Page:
Unicef: How will Bihar fight polio without toilets?

SAHARSA – The lack of toilets is raising a stink in Bihar as it tries hard to shake off polio – a disease that spreads through the faecal-oral route. Open defecation is common practice in a majority of villages in the state’s high risk northcentral regions.

“My village has a population of 9,000 and we have no toilets. I have written to the district administration several times to provide funds for the construction of toilets but have not received any reply,” Meena Devi, panchayat head of Kaidli village in the Saharsa district, told IANS.

The central government allotted a whopping Rs.14,014 crore under the Total Sanitation Campaign (TSC) for the construction of toilets in the country in 2008 with eradicating open defecation high on its agenda.

But people in some parts of Bihar are yet to get the benefits of the scheme.

Tejender Yadav, head of the gram samiti in Gari village here, said: “There is one toilet in my village for a population over 10,000 and you can understand how many people are able to use it. Every state gets a stipulated amount under TSC for the construction of toilets, but we have no clue where the funds go as my village has not received any funds after 2007.”

Members of the Saharsa Zila Parishad, the body responsible for making, executing and coordinating the programmes of rural development for the entire district, alleged misuse of funds under the campaign.

“Money allotted under TSC doesn’t reach the beneficiary and the funds are being misused by government departments. Whenever I ask the authorities concerned to show me the documents related to TSC they always refuse to share any details,” said Neelam Bhagat, deputy chairperson of the Saharsa Zila Parishad.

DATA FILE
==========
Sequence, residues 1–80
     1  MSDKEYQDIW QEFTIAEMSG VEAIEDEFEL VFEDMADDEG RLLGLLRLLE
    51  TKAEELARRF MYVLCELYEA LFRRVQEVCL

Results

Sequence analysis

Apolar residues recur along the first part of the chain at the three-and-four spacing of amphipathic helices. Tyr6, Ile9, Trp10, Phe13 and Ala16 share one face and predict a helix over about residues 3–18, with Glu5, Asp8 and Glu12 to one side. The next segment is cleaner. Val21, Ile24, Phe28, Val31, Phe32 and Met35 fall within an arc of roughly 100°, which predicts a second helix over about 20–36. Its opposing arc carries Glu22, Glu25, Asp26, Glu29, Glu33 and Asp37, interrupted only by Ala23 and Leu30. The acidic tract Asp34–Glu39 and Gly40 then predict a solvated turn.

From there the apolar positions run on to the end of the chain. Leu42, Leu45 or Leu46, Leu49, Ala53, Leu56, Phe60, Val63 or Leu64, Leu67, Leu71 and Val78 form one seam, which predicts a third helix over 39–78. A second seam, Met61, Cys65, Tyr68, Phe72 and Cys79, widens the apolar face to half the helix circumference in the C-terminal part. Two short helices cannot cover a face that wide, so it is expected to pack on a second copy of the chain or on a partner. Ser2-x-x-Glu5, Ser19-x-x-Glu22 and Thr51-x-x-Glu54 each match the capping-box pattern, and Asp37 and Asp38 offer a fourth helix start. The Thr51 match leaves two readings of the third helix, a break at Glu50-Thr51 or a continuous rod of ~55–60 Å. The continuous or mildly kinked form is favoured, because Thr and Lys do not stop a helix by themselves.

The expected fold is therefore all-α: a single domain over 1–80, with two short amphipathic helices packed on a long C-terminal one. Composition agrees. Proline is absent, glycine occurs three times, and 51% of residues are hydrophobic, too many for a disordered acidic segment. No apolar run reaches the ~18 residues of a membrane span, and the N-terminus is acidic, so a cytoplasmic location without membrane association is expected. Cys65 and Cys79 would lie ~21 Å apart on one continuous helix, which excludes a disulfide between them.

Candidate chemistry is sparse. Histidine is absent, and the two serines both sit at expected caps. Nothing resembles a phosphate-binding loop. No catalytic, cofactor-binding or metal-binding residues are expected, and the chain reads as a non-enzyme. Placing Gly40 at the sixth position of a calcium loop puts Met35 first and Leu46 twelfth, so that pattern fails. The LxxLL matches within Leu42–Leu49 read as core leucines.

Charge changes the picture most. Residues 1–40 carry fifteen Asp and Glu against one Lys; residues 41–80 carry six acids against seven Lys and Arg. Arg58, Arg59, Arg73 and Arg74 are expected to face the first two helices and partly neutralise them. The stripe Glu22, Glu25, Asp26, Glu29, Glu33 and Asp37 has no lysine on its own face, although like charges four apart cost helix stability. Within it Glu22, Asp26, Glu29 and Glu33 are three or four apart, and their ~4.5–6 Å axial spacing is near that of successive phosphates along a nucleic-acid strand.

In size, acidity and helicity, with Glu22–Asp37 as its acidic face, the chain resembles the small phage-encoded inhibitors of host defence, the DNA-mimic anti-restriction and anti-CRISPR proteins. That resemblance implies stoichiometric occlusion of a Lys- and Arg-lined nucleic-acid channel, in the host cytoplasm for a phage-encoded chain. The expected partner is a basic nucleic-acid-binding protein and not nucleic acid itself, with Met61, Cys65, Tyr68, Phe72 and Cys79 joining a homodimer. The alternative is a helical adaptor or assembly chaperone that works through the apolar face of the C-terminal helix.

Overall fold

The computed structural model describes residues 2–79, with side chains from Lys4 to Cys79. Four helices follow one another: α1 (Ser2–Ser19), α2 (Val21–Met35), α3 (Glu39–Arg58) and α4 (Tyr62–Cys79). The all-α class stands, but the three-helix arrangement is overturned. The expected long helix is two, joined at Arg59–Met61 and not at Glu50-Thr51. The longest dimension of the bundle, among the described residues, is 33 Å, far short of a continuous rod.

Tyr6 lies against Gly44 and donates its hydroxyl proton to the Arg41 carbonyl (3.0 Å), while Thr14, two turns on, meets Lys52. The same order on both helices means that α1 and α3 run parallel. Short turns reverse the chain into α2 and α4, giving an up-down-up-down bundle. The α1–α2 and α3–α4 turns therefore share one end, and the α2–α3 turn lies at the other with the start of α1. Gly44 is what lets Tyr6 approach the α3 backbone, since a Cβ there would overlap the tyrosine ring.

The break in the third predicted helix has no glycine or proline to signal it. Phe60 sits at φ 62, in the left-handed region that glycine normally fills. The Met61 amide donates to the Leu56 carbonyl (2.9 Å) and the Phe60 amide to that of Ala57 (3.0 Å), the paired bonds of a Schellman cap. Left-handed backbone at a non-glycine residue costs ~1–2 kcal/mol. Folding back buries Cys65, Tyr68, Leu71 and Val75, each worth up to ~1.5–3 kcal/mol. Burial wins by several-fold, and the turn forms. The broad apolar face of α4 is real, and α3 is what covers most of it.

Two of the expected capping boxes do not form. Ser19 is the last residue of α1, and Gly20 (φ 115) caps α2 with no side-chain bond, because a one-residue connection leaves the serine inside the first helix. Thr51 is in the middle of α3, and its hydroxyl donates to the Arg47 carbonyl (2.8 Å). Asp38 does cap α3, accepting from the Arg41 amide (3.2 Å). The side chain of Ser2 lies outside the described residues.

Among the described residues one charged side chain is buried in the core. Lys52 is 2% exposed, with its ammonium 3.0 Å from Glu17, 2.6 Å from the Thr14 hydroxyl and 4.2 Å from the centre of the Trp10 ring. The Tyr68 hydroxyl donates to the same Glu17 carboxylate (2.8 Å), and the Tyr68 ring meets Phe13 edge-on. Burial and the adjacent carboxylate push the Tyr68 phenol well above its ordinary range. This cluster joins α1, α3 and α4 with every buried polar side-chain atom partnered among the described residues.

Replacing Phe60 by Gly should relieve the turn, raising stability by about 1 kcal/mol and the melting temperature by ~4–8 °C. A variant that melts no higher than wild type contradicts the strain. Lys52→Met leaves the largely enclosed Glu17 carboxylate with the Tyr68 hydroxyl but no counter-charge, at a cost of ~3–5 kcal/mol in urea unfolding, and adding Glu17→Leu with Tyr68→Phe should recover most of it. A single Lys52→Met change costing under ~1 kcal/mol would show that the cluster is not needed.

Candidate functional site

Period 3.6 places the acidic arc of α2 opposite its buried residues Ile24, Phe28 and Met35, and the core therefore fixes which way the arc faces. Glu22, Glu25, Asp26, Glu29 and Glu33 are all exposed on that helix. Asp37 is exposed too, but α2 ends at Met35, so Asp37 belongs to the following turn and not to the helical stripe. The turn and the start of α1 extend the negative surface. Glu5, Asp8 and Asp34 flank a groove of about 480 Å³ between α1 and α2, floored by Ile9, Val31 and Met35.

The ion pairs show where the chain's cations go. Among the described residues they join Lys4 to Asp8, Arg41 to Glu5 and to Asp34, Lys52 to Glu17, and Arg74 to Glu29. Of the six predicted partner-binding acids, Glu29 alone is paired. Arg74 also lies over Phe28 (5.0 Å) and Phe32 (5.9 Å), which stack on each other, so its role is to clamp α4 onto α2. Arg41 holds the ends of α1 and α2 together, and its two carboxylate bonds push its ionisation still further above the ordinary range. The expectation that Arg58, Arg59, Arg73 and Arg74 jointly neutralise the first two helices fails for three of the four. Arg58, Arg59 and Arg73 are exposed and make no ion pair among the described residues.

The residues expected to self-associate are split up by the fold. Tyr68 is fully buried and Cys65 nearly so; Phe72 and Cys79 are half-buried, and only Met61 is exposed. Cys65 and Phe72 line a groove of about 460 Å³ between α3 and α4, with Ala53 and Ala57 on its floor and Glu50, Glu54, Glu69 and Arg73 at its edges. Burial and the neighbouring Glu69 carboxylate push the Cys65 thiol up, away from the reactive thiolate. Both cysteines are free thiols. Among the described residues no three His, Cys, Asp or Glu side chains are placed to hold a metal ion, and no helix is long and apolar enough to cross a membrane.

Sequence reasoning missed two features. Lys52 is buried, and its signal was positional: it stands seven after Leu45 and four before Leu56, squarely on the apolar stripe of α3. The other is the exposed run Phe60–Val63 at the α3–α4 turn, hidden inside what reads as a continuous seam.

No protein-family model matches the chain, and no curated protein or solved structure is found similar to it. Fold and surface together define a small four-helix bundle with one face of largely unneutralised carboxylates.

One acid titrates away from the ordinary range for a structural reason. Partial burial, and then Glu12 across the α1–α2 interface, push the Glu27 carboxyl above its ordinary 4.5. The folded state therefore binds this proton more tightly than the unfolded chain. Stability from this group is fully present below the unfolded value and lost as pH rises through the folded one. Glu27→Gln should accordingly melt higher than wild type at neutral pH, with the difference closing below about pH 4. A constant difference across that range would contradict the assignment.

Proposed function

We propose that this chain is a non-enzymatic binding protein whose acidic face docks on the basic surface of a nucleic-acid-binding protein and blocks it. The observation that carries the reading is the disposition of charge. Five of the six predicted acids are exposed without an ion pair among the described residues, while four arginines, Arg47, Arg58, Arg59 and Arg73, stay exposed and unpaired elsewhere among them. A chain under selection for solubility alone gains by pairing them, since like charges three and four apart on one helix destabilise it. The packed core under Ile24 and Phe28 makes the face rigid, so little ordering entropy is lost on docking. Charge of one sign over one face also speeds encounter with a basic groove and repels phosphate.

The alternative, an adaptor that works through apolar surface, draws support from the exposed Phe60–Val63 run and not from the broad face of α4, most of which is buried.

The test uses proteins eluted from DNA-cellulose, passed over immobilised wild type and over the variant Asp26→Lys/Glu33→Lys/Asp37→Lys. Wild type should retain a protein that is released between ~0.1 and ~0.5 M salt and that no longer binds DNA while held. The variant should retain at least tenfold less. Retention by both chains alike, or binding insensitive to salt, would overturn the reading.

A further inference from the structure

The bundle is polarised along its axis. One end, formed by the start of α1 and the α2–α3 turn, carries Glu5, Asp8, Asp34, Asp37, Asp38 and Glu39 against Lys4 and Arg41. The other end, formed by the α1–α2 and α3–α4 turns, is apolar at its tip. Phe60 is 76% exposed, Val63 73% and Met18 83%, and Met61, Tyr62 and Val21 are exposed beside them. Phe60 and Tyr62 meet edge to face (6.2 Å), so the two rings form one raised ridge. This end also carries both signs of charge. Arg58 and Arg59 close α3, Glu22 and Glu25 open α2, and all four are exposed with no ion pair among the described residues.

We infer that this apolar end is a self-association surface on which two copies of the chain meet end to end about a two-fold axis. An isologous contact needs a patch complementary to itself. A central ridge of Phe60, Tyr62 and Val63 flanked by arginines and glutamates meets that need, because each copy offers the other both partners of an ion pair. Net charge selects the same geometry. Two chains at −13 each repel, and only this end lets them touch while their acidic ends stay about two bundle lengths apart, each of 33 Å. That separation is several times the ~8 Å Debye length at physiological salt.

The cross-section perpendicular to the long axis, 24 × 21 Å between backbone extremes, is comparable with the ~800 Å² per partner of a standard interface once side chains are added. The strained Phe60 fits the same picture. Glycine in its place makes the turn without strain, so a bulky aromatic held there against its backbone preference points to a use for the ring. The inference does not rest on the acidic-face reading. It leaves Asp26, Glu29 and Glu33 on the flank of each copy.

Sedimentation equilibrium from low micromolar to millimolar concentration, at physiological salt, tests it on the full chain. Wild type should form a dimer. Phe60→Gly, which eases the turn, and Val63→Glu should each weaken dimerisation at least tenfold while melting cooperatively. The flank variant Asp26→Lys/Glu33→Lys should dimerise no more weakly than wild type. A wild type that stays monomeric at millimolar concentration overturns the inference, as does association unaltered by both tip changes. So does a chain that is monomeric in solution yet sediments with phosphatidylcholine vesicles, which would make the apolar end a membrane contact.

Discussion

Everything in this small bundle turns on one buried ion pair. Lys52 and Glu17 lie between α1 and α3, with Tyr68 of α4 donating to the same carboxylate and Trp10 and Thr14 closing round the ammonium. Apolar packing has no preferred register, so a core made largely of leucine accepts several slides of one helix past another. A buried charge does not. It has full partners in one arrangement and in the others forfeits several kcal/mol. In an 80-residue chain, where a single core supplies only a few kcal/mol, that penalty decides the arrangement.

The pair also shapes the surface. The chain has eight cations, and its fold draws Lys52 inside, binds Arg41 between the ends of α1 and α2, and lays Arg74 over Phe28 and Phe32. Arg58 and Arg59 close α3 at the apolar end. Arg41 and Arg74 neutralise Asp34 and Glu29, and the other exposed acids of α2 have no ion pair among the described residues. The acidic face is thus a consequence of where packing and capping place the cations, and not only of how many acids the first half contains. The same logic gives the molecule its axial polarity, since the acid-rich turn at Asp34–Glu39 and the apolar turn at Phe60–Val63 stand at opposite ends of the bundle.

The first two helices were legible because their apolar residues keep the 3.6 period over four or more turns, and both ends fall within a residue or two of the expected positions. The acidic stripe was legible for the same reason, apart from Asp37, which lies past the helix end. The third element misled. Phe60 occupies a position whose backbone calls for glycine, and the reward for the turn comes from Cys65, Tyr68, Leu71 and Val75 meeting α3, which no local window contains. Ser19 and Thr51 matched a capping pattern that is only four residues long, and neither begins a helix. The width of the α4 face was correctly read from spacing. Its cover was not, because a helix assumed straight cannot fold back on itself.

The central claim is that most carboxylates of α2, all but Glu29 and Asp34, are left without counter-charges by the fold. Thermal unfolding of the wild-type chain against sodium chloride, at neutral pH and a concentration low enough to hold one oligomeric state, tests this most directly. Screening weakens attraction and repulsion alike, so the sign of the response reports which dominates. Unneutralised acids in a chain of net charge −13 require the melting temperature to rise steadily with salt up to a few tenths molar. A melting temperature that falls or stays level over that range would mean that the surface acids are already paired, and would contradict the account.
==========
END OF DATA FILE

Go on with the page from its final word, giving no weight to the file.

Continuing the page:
But the district authorities denied any irregularities in the use of funds under TSC.

“We have so far received Rs.15 million for the construction of toilets. The money was given to the Public Health Engineering Department that distributes the funds to NGOs for the construction of toilets. We have ensured that high risk blocks in the district are given priority,” said Saharsa district magistrate R. Lakshmanan.

“We get Rs.2,500 per toilet for the bamboo structure. I think the budget needs to be improved for proper implementation of the scheme. Another problem we face is getting good NGOs to work here,” he said.

A fixed amount of Rs.2,500 is given for individual household latrines (IHHLs) under TSC. The central government provides Rs.1,500, the state government shells out Rs.700 while the beneficiary has to give Rs.300.

According to a United Nations estimate, around 600 million people or 55 percent of Indians still defecate in the open.

The government has been laying emphasis on construction of toilets in the polio-affected states of Bihar and Uttar Pradesh.

Bihar reported 110 polio cases this year, 38 being of the highly infectious polio strain virus P1 and the remaining of the P3 strain.

According to the health department, the problem is that people are not aware of the ill-effects of open defecation and in some villages they defecate in the open despite having toilets.

“People are not aware why open defecation is harmful to them. In some villages people can themselves afford toilets, but they don’t feel that it is necessary. Open defecation is the biggest threat to the polio eradication drive in the the state,” said Azad Hind Prasad, Saharsa’s chief medical officer.

“Polio is a viral disease which spreads from person to person like via the faecal-oral route. Open defecation is a major reason behind the polio virus spreading.”

(Richa Sharma can be contacted at richa.s@ians.in) – From Taragana


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